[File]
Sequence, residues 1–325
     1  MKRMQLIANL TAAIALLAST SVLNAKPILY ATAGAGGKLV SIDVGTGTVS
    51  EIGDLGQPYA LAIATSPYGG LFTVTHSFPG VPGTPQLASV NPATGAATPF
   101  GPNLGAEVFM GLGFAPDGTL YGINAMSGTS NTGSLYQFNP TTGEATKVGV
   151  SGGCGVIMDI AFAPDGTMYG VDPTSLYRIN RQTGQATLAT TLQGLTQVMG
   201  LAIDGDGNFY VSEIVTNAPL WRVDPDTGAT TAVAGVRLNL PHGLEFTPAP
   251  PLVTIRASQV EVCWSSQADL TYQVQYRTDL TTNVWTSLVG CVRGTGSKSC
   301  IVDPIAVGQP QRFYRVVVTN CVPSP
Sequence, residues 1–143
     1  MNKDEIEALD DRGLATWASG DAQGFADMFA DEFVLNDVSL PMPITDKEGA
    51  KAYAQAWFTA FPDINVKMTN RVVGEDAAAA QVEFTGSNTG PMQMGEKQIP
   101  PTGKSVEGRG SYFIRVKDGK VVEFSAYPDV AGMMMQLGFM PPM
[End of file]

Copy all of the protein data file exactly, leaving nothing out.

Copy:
Sequence, residues 1–325
     1  MKRMQLIANL TAAIALLAST SVLNAKPILY ATAGAGGKLV SIDVGTGTVS
    51  EIGDLGQPYA LAIATSPYGG LFTVTHSFPG VPGTPQLASV NPATGAATPF
   101  GPNLGAEVFM GLGFAPDGTL YGINAMSGTS NTGSLYQFNP TTGEATKVGV
   151  SGGCGVIMDI AFAPDGTMYG VDPTSLYRIN RQTGQATLAT TLQGLTQVMG
   201  LAIDGDGNFY VSEIVTNAPL WRVDPDTGAT TAVAGVRLNL PHGLEFTPAP
   251  PLVTIRASQV EVCWSSQADL TYQVQYRTDL TTNVWTSLVG CVRGTGSKSC
   301  IVDPIAVGQP QRFYRVVVTN CVPSP
Sequence, residues 1–143
     1  MNKDEIEALD DRGLATWASG DAQGFADMFA DEFVLNDVSL PMPITDKEGA
    51  KAYAQAWFTA FPDINVKMTN RVVGEDAAAA QVEFTGSNTG PMQMGEKQIP
   101  PTGKSVEGRG SYFIRVKDGK VVEFSAYPDV AGMMMQLGFM PPM